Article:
Artaud believed that theatre can and must change society and the world. Artaud revolts against what he considered to be the bourgeois concept of theatre as a place of entertainment, “we must finally do away with the idea of master pieces reserved for a so called elite but incomprehensible to the masses”. Theatre should therefore be an act of organised anarchy. Observing this piece of theatre as a spectator, I became heightened to my primitive instincts. Artaud believe that the audience leaves the theatre and can cope better with the complex dangers of the world they live in.
This devised piece, followed Artaud’s mantra “like the plague, the theatre is collectively made to drain abscesses”. The lighting at the start of this piece is flooded bright white light, setting the mood of the stage and drawing attention to a female actress on her back in a contorted position. It almost seemed she was infected by the negatives of life, and it was obvious the actors were going to extremes in this physical realism. Following a black out, a red pin-point light denotes danger and a sexual undertone, the audience is made aware that something awful is going to presented on stage.
The ‘Double of cruelty’ achieves catharsis in practice; it is meant purge us of our emotions; it awakens us and releases the subconscious. Seen in the use of strobe lighting that allows for the suggestive of rape, both attacking the visual senses, causing a discomfort and exhaustion for the audience. This lighting created a jarring snippet of graphic rape. When observing this piece as an audience member, I found that the staging and seating for the audience enhanced Artaudian theatre. The stage being in an Vortex, allows me as the audience to view the action from above, making me feel like a voyeur, whist making the actors feel inferior. In the audience I was high up in gallery looking down.
My senses were further attacked with the groups use of masks. As Artaud wrote “abandoning our western ideas of speech, it turns words into incarnation”, the use of the lion mask for the character of the rapist added a masculine, prey and predator symbol to the piece of theatre. This was further emphasised with the drums coinciding with the rapist’s stalking. None of the character had any lines, the only speech was a scream at the climactic end of the scene. I as an audience member interpreted it as the actors trapped in cages like animals that can still express themselves, but not reliant on words. The use of physical theatre as outlet for expressing emotion without verbalising them, highlights the unimportance of spoken word as “a new body language no longer based on words but on signs”. Artaud believed that civilisation has turned humans into repressed creatures and that the true function of the theatre is to rid humankind of repression and liberate individuals instinctual energy.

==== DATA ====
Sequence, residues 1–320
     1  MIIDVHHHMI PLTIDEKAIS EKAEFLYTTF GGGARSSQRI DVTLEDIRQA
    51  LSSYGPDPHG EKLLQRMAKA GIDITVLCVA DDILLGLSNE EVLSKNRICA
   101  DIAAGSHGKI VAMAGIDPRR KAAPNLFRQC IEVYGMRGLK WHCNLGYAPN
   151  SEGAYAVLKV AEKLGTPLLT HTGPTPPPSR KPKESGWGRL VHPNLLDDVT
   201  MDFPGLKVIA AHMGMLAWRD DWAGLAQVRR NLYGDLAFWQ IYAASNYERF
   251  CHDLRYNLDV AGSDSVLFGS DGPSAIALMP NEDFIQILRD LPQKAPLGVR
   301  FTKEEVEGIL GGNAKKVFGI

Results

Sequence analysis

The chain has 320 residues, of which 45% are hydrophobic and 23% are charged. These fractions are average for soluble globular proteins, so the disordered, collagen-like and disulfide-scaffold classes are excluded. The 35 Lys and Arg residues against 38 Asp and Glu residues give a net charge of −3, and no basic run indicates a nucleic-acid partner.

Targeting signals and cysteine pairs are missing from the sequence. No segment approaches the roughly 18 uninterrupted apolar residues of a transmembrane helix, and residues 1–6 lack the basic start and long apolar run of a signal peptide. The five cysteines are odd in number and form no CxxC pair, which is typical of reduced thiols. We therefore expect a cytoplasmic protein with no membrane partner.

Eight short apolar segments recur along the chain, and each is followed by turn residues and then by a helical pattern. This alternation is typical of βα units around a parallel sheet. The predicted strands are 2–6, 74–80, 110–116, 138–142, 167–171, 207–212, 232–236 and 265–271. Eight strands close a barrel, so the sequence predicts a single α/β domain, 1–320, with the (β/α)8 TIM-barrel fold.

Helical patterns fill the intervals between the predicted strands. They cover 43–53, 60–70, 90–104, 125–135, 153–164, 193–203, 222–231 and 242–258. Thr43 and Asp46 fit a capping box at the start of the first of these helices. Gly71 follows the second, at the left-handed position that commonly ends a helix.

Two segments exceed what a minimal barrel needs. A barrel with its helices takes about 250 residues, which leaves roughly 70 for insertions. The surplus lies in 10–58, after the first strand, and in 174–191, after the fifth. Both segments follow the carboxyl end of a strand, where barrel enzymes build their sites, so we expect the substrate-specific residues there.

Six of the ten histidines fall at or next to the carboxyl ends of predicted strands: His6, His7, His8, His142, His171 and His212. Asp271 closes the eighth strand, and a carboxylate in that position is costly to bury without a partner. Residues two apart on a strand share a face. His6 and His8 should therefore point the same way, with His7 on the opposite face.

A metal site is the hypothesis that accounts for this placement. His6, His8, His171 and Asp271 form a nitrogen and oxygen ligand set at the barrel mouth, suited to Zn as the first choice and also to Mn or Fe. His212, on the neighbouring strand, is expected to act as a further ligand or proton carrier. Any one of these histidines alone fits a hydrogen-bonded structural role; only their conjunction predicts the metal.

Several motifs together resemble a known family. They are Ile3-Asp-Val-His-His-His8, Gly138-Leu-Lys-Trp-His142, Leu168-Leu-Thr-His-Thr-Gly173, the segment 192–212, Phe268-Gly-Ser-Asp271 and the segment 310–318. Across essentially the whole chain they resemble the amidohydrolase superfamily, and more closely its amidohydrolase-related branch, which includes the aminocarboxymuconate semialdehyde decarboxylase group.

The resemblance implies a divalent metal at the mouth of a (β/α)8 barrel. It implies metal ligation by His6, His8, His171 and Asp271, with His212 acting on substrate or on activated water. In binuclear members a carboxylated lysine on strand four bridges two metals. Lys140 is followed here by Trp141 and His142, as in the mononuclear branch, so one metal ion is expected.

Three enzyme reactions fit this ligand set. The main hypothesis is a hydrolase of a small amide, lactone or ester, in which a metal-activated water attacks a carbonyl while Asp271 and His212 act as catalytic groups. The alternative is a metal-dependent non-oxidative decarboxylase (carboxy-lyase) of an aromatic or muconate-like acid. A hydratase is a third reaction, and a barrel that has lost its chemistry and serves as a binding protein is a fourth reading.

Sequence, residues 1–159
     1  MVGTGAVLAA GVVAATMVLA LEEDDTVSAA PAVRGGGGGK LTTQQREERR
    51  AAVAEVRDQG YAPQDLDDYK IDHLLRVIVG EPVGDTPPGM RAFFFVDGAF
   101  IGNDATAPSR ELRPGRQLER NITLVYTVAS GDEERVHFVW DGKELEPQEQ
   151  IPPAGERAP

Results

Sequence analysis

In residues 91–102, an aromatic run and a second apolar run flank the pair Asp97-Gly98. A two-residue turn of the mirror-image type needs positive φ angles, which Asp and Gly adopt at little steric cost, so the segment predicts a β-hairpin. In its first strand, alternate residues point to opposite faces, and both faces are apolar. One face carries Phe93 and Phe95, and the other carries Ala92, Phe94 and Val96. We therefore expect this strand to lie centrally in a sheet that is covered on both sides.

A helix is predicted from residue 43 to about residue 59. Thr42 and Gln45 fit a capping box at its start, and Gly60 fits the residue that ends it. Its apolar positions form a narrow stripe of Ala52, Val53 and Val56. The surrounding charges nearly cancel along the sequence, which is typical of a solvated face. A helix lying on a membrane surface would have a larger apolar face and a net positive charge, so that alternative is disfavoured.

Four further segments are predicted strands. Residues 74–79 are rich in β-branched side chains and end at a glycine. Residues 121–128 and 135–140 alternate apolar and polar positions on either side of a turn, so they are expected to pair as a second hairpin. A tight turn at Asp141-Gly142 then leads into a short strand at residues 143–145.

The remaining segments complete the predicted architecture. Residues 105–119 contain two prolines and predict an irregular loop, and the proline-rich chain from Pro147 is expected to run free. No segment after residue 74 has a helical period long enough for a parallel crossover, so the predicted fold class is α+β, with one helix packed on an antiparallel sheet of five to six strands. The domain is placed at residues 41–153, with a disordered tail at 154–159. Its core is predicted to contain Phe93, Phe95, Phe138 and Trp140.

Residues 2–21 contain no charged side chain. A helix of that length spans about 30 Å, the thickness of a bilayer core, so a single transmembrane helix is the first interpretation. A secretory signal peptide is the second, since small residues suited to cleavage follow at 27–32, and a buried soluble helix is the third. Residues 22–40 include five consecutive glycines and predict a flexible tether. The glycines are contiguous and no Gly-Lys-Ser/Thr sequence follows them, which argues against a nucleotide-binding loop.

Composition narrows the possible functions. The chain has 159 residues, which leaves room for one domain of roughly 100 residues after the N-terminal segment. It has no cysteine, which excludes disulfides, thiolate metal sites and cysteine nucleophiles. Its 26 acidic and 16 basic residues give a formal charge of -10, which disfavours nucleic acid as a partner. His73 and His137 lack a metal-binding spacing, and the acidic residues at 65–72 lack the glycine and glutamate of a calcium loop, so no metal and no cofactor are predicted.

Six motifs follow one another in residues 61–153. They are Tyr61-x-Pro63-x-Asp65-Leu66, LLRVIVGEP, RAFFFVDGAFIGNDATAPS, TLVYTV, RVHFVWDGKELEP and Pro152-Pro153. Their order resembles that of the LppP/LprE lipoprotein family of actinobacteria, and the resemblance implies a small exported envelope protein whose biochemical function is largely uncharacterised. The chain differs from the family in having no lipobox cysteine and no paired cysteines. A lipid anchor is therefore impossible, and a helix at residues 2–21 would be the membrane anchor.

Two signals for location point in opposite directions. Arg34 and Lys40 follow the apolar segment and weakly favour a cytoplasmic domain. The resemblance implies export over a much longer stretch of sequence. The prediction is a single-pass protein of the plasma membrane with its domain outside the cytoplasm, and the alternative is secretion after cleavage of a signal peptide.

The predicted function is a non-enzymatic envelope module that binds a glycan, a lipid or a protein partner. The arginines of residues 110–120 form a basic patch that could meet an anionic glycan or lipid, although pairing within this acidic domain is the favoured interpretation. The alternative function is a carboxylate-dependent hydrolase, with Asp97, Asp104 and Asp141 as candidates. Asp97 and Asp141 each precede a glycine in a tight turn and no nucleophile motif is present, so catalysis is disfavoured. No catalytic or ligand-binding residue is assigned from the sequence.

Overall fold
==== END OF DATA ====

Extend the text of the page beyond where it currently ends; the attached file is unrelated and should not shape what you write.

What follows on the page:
Futurism is an artistic and social movement that originated in Italy in 1909-1944, founded and funded by Fillips Tommaso Marinetti. Manifesto’s were read at Futurist-style theatrical events known as Serate. Made up of short plays of self contained scenes, theatre promoted the futurist movement through powerful mix of politics and entertainment in a cabaret/variety style that goes against traditional theatre. This type of theatre was conceived not to be privately performed but rather to be publicly declaimed.
The play Old Age is made up of three acts, staging the piece in the round with two chairs facing each other. The director made the conscious decision to an interlace futurist manifesto by overlapping each characters line in the opening act with extracts from a manifesto. “Dramatize all discoveries” and “totally abolish the technique that is killing the passeist theatre” are examples of mantras from the manifesto, providing a brief but intense political experience for the audience. In the original script, the acts repeat three times with only the dates changing. “January 10 1860…1880, 1910” reflecting time passing in an ironic way. The compressing of time is the futurist belief that the essence of a situation should be understood in the shortest time possible, thus creating a grotesque distortion of individuals, ’we want no part of it, the past, we the young and strong Futurists’.
The physicality of my body was key for separating the manifesto from the piece of drama, and also indicating the passing of time. During act one, spinning around on the chair, I addressed the audience when talking about manifesto. I used a traditional old man voice that was intercepted with robotic voice with extracts from the manifesto to vocally show juxtaposition. The sensory overload of a robotic, monotone voice speaking over the old women character created an overwhelming confusion for audience members. Whereas when playing the old man, my character spoke directly to old women and I was directed to play the scene sat on the chair, therefore limited with my movement.
To show the passing of time I physically went from a strong male position with planted legs ready to spring up, to later in Act Two, a body slumped with no enthusiasm. Finally in Act Three, my body was limp and lifeless, seamlessly flowing into a final physical collapse, like a machine shutting off indicating death. The synchronised line of “Oh God! What a stab in my heart! I am dying…” said by both characters, the director staged the climactic death with both characters falling off the chair. “To compress into a few minutes, in to a few words and gestures, innumerable situations”, the overall use of a bright cold spotlight, at the end of each act, cutting to darkness had both the practical purpose of allowing time for me to change my body movements to show subtle signs of deterioration, but also showing the motif of time passing. Throughout the piece of theatre, the backing track of a mechanical clock ticking sent a message to the audience, that this could be the potential events of their future if they don’t provoke a revolution of the arts.